Of course, argyle is still a common sight in golf today (although not as common as it once was). It’s also made its mark in a variety of other sports — and not just in predictable country club pursuits like tennis and horse racing.
In fact, it seems that virtually every sport has dallied with argyle at one time or another. Given all the emphasis on handsome hosiery during the early period of baseball, for example, it’s no surprise that this 1874 Ontario team was sporting argyle hose.
Over on the soccer field, we’re all probably familiar with this example of argyle socks, thanks to a concerted effort by Boca Juniors to bring back classy. But would you guess that argyle socks also showed up in track and field? American sprinter DeAna Carson wore argyle socks while running the 200-meter dash at the Simplot Games in 2006, garnering my nomination for Best Dressed Female Athlete of the Year (the ESPY’s should include this, no?).
On the hardcourt, the most obvious example is the UNC basketball uniform, which in 2000 began featuring an argyle pattern running down the sides — a classic look. While looking for UNC photos, I stumbled upon this gallery — check out Shaw University’s uniforms! More argyle!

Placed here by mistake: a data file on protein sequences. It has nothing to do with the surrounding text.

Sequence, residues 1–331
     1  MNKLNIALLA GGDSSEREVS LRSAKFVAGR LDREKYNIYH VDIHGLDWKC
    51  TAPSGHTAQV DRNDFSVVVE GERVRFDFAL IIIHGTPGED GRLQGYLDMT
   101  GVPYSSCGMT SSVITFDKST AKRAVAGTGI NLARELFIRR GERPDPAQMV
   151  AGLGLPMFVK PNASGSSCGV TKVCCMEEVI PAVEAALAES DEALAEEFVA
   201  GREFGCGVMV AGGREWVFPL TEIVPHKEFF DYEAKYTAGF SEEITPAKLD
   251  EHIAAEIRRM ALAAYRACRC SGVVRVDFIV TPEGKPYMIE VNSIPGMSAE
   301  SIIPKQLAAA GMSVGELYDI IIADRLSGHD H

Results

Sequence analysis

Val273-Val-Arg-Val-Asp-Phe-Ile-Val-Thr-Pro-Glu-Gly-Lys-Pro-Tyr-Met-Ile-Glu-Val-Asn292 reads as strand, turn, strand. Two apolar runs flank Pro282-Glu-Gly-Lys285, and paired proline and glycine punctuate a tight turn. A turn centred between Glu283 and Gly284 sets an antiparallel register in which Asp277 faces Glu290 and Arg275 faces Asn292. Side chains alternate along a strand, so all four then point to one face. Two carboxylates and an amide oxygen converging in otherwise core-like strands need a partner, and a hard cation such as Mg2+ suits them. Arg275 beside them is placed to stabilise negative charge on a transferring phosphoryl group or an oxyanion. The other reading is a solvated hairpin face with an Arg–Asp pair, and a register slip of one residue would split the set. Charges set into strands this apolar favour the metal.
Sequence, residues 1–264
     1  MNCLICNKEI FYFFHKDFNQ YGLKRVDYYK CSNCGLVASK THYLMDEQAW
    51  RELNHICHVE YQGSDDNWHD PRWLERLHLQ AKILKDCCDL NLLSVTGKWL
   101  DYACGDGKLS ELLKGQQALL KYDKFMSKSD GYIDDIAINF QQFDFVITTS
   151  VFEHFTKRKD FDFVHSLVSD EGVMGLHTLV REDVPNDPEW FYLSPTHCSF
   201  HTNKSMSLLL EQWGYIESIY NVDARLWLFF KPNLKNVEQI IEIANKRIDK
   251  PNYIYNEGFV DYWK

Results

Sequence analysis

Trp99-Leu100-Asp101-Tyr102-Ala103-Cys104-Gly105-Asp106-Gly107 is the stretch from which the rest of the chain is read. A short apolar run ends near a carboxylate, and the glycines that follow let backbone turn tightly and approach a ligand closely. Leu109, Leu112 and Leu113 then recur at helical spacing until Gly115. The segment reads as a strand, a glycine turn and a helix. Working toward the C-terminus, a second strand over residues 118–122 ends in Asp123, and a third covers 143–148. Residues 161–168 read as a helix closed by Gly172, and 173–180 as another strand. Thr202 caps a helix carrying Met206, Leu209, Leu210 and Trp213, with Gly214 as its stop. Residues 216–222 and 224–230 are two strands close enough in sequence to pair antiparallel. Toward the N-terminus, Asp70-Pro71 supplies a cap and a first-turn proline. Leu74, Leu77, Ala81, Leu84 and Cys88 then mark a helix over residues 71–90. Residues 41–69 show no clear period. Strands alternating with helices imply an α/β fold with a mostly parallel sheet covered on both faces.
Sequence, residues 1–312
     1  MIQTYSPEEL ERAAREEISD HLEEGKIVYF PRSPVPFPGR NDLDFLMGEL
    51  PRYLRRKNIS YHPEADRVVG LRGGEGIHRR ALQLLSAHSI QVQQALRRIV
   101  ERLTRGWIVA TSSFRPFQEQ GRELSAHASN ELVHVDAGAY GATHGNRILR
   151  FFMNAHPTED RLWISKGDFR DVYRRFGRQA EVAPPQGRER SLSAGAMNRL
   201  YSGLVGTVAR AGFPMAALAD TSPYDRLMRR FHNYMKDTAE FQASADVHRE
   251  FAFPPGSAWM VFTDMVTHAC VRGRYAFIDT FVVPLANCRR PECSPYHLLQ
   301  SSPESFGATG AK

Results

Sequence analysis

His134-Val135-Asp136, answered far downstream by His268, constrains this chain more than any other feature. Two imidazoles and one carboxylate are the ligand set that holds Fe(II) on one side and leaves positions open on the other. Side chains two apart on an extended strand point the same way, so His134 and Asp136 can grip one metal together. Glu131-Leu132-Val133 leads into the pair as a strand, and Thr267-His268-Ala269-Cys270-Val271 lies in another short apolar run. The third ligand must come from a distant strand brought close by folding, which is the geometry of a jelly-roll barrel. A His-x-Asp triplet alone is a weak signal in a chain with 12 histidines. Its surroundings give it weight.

I couldn’t find a football example, but I’m betting there’s got to be one out there waiting to be found. I think there’s another database in our future. Post any suggestions in the comments section or e-mail them our way.
Unfinished Business: (Shivering) Working for Paul Lukas has been good. He is a nice man. Um. I never felt overworked. And every task he assigned me was worthwhile and rewarding. Yeah. The last year has felt like
being imprisoned in research hell it went by in the blink of an eye. (Nervously looking over shoulder.)